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Cannabis Arteritis

Dec 01, 2016 12:23 pm

Following the November elections, there are now 29 states and the District of Columbia that have legalized marijuana (aka cannabis) for medical use. Of these, eight states and the District of Columbia have also approved laws legalizing marijuana for recreational use. Regardless of the stated benefits associated with marijuana use, there are potential health risks. One of these which rheumatologists may see more of in the future is cannabis arteritis. The following is a recent case we saw at the University of Colorado.

Case: A 32-year-old man presented with a 5-year history of Raynaud’s phenomenon and a one-year history of increasing digital ulcerations affecting his fingers and toes. He did not smoke or chew tobacco. An evaluation by an outside rheumatologist included an aortic arch and upper extremity angiogram which was interpreted as showing vasculitis of the small and medium-sized vessels of the hand and wrist.

Laboratory evaluation showed normal CBC, chemistries, liver-associated enzymes, urinalysis, sedimentation rate, C-reactive protein, complement levels, ANA, rheumatoid factor, ANCA, cryoglobulins, antiphospholipid antibodies, hepatitis B and C serologies, and SPEP. Urine drug screen was negative except for cannabinoids. He was treated with low dose aspirin, amlodipine, high dose prednisone, and monthly intravenous cyclophosphamide for 4 months. On this therapy, three fingers progressed to gangrene requiring distal phalanx amputation (Figure 1). He was referred and admitted to the University of Colorado hospital. A repeat angiogram of his upper and lower extremities showed multiple distal segmental occlusions and corkscrew collaterals compatible with thromboangiitis obliterans (Figure 2). Further evaluation showed normal lipids, homocysteine, anti-thrombin III activity, and nicotine levels. Anti-prothrombin antibodies and prothrombin gene G20210A mutations were negative.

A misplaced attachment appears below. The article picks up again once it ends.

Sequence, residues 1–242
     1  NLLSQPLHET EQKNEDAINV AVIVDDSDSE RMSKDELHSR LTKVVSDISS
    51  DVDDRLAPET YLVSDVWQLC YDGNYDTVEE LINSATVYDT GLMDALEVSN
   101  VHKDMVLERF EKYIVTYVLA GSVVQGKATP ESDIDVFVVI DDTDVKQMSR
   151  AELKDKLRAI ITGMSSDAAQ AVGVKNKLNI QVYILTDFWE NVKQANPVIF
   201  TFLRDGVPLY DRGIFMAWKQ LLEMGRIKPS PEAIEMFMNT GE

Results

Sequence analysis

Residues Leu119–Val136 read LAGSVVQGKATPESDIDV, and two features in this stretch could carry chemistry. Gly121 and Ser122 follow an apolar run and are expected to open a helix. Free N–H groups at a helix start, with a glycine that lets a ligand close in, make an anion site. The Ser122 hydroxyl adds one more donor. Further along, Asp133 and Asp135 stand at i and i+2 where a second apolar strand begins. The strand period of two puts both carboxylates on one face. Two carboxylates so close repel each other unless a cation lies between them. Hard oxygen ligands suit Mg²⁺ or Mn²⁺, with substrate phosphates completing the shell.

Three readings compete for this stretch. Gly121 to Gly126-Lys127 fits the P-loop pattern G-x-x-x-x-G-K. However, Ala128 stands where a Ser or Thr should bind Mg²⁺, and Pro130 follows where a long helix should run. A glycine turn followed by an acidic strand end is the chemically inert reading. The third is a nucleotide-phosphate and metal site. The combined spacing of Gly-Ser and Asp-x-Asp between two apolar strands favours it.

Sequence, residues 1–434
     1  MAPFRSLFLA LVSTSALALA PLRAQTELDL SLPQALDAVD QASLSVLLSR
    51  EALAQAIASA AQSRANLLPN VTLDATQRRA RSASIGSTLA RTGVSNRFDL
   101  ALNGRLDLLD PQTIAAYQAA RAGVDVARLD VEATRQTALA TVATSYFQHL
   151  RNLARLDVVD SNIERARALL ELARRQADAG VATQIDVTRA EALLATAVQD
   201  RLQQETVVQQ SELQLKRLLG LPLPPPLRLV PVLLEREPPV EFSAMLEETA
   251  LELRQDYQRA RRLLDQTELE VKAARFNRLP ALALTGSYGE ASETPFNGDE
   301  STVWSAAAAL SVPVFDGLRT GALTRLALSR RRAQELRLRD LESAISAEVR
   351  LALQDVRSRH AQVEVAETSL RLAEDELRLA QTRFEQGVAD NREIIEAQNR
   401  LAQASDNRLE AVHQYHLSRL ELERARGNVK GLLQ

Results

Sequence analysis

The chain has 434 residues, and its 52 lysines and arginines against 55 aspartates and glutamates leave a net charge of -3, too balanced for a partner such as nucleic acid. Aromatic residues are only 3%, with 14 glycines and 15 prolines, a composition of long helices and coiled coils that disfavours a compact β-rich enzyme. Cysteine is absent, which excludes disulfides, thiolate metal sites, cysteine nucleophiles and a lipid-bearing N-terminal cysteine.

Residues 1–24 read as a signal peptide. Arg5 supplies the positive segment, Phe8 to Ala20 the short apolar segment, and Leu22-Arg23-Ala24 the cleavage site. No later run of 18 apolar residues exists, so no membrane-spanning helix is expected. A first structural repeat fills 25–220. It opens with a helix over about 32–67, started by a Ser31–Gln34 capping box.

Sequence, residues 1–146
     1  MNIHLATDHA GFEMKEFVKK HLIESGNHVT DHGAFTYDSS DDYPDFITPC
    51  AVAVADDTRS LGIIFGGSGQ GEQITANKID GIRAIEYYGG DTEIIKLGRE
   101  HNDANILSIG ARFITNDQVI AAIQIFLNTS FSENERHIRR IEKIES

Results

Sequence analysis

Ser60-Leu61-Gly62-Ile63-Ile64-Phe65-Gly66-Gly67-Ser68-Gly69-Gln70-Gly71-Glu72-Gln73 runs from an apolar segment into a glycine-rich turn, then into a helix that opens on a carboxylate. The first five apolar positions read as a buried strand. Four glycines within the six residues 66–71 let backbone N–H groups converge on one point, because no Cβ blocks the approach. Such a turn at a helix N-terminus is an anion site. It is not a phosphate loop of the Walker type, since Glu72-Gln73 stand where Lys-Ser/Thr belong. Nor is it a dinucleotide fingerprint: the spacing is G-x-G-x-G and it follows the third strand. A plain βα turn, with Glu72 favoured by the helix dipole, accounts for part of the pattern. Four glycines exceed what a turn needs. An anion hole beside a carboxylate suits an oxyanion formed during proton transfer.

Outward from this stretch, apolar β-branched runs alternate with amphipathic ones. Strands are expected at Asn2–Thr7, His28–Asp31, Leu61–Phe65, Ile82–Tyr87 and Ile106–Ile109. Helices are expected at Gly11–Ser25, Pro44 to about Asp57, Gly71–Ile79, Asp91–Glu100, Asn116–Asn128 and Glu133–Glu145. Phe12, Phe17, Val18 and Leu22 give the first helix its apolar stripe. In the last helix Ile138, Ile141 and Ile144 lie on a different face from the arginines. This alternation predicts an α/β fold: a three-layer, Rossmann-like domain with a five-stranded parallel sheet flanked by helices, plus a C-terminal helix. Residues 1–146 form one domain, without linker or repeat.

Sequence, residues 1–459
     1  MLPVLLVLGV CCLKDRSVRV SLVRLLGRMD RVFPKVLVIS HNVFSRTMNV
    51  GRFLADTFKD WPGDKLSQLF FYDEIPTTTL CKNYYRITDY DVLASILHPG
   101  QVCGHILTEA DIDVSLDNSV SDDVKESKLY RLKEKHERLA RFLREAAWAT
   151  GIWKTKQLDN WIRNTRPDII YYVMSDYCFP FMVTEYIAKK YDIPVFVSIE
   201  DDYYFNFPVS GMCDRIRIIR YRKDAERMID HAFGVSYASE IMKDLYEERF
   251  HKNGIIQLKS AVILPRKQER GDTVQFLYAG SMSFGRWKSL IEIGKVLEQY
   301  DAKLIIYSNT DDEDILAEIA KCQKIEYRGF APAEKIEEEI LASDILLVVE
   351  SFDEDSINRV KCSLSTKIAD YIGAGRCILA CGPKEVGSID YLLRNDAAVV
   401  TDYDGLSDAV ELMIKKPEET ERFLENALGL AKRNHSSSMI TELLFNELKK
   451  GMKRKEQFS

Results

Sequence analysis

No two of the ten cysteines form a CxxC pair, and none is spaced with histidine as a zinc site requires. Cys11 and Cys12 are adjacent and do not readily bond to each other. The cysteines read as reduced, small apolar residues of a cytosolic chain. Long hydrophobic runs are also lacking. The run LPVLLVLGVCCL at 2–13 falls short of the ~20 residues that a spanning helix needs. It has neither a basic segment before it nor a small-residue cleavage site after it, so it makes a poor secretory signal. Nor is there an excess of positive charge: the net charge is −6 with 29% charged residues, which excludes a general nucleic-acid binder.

Questioning about marijuana use revealed he smoked 8-10 “bowls of marijuana” a day (equivalent to a total of 3.5 grams/d = “an eighth of marijuana”). He had smoked marijuana for years and had increased his consumption over the past year to try to help control the pain in his fingers. He consistently denied tobacco use. He was taken off immunosuppressives while continuing antiplatelet agents (aspirin, clopidogrel) and vasodilators. Importantly, after prolonged discussion and counselling he stopped smoking marijuana. His arteriopathy slowly stabilized but he is left with significantly impaired hand function and cold sensitivity of his digits.

Figure 1: Right hand digital infarctions and gangrene.

Figure 2: Right hand angiogram with absent ulnar artery, poor blood flow to digits, and cork-screw collaterals.

Marijuana is the most commonly used illicit drug in the United States as well as worldwide. In the U.S., approximately 20 million individuals (7.5% of population aged 12 or older) are current users with 6-7 million (2.5% of population) being chronic daily users (Azofeifa A, et al. MMWR 65 (11): 1-25, 2016).  Chronic use of marijuana has been associated with a number of health concerns. Cardiovascular complications including acute myocardial infarction, transient ischemic attacks, and a peripheral arteriopathy have been reported (Jouanjus E, et al. J Am Heart Assoc 2014; 3:e000638 doi:10.1161/ JAHA.113. 000638). The peripheral arteriopathy has been called cannabis arteritis (Cottencin O, et al. J Addict Med 4: 191, 2010).

Cannabis arteritis (CA) resembles thromboangiitis obliterans (TAO) (aka Buerger’s disease) and both should be considered in young adults less than age 50 presenting with peripheral vascular disease. Over 20% of lower extremity arteriopathy in young adults is due to TAO and/or CA. The clinical and arteriographic presentations of TAO and CA are nearly identical. Both cause a nonatheromatous peripheral arteriopathy with segmental and multifocal involvement of the small and medium-sized arteries distal to the elbow and knee. Superficial vein thrombosis has also been reported. Both diseases predominantly affect young males and can cause gangrene of the digits. Laboratory evaluation is frequently unremarkable including normal acute phase reactants.